Many of the security products in the market will support features in some or all these categories.
Security in code
Finally, we have security that is internal to the API or applications themselves. I am not going to go into this very much on this article, but I will simply point out that the resources required to ensure that all the security is properly implemented in your API code can be difficult to apply consistently across your entire API portfolio.
API security precautions
With any security feature or product, it is important to remember that security is a moving target. You need to know that the product (or products) that you use will stay up to date in protecting you against the latest vulnerabilities.
But doesn't an API Gateway implement "security as a feature?" Yes. And it is a critical part of your API management security strategy. API gateways integrate with, and work well with, standalone API security products and WAFs to provide solid and comprehensive protection for your APIs. Leaving out the core part of your API security strategy, such as an API gateway —a component that probably knows more about your APIs and the context of your traffic than any other system —is a really bad idea.
If you only focus is on using WAFs or external security products and you ignore (or misconfigure) the protection provided by your API gateway security, you could be leaving yourself wide open for an attack. Don't leave yourself vulnerable!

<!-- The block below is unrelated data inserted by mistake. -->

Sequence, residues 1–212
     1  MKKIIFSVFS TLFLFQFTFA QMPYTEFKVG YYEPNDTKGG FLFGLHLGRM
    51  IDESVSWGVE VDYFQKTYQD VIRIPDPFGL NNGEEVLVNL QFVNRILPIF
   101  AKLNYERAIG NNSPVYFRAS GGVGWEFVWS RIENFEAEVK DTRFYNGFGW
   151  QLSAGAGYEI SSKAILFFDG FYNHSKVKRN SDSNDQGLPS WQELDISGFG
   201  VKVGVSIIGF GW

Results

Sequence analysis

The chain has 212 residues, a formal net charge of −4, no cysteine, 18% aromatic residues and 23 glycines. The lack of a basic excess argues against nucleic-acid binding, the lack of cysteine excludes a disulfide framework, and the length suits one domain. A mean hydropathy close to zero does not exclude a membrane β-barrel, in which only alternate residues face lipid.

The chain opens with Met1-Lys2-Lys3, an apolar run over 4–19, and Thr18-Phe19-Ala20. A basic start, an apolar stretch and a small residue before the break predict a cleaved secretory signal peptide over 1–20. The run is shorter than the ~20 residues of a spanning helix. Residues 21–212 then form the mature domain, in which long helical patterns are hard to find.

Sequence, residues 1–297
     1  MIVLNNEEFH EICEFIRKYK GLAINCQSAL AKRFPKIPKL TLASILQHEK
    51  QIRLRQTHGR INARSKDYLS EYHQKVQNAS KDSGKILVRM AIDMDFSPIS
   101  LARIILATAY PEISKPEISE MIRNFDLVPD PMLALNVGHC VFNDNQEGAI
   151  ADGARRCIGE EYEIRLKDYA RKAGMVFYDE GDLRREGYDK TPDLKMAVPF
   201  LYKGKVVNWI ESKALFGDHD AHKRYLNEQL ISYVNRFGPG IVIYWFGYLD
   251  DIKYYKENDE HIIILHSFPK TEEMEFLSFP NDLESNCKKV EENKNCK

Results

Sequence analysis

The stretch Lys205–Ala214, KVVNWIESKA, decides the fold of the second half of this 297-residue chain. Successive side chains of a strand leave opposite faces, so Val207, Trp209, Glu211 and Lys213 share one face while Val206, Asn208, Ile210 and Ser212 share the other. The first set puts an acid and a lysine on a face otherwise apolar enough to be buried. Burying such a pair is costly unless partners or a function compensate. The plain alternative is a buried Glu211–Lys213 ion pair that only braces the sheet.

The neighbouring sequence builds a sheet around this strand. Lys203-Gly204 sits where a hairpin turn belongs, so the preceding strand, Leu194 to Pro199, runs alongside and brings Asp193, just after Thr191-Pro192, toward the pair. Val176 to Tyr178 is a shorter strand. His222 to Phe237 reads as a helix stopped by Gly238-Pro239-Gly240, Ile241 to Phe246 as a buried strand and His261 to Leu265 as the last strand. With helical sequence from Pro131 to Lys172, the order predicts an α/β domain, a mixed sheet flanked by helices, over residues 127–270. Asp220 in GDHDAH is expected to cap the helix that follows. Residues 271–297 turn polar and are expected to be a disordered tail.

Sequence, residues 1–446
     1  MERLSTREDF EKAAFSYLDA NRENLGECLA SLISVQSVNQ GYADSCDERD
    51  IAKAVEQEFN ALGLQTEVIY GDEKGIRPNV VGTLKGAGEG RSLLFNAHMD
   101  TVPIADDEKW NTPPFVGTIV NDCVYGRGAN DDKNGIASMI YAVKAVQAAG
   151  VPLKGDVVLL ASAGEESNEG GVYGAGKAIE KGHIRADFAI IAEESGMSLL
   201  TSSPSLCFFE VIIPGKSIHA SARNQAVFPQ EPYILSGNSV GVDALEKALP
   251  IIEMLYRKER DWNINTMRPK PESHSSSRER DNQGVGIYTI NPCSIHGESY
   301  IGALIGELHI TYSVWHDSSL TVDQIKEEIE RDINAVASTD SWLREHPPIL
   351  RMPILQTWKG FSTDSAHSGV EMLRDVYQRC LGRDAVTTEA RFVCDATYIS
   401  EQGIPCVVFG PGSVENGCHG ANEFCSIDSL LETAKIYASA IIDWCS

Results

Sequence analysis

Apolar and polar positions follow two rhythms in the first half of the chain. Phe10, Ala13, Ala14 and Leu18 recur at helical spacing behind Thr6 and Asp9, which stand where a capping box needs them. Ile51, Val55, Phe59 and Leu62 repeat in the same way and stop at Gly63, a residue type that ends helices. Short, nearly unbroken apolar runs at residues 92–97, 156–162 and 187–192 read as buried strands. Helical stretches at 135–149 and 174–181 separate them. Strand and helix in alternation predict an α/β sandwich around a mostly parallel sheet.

API Security Black Box?
All of this only reinforces the fact that there is not a one-size-fits-all solution for API security. You can't just buy an "API security black box" from Best Buy, plug it in, and suddenly everything is protected.
To implement a proper API security solution, it is important to understand your APIs, the third-party APIs you use, and the functionality and value your APIs are adding to your organization. This will help you better grasp how API security ties into integrations with your partners and users. API security is still one area that will require you to spend some time and resources to ensure it is implemented, (and CONTINUES to be implemented) correctly.
Security for API integrations
When you are looking at your API ecosystem, don't forget about API integrations and the third-party APIs that you will be integrating with. If these third-party APIs, or the integrations themselves are insecure, your data, internal systems and APIs could be compromised. Using a solid API integration solution (like Software AG's webMethods.io) with a proven track record can not only protect your API integrations but also works seamlessly with your API gateway platform.
API Cybersecurity 101
To better equip organizations and help individuals better protect themselves and their APIs, we have created a new series of videos and blog posts called API Cybersecurity 101. The purpose of this series is to educate and equip everyone from developers to executives with the resources they need to shield and protect their APIs.
And take a look below at the Top 10 OWASP Vulnerabilities for API Security Explained!